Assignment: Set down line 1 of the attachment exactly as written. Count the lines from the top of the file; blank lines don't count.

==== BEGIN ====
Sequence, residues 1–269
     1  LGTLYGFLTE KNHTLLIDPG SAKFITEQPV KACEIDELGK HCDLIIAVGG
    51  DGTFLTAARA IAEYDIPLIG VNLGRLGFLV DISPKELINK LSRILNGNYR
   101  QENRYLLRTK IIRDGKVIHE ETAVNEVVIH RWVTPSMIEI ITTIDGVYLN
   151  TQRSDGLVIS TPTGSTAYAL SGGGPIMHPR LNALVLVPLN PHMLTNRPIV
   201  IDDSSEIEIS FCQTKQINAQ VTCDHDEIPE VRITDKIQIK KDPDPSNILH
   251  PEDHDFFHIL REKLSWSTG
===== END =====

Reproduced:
Sequence, residues 1–269